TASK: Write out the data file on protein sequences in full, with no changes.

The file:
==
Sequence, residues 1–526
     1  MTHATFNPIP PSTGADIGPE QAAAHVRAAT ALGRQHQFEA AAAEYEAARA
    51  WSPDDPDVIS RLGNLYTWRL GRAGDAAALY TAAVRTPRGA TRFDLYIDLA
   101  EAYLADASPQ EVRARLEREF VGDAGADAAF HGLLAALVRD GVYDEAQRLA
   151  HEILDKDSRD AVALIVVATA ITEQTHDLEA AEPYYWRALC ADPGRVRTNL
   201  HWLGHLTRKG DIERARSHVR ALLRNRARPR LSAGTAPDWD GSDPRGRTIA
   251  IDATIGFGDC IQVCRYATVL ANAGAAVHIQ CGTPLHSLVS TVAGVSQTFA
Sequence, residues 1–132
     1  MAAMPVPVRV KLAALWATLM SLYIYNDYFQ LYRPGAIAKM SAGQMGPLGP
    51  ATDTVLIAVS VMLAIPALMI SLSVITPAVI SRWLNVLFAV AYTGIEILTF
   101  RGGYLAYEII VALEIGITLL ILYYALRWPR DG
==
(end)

Sequence, residues 1–526
     1  MTHATFNPIP PSTGADIGPE QAAAHVRAAT ALGRQHQFEA AAAEYEAARA
    51  WSPDDPDVIS RLGNLYTWRL GRAGDAAALY TAAVRTPRGA TRFDLYIDLA
   101  EAYLADASPQ EVRARLEREF VGDAGADAAF HGLLAALVRD GVYDEAQRLA
   151  HEILDKDSRD AVALIVVATA ITEQTHDLEA AEPYYWRALC ADPGRVRTNL
   201  HWLGHLTRKG DIERARSHVR ALLRNRARPR LSAGTAPDWD GSDPRGRTIA
   251  IDATIGFGDC IQVCRYATVL ANAGAAVHIQ CGTPLHSLVS TVAGVSQTFA
Sequence, residues 1–132
     1  MAAMPVPVRV KLAALWATLM SLYIYNDYFQ LYRPGAIAKM SAGQMGPLGP
    51  ATDTVLIAVS VMLAIPALMI SLSVITPAVI SRWLNVLFAV AYTGIEILTF
   101  RGGYLAYEII VALEIGITLL ILYYALRWPR DG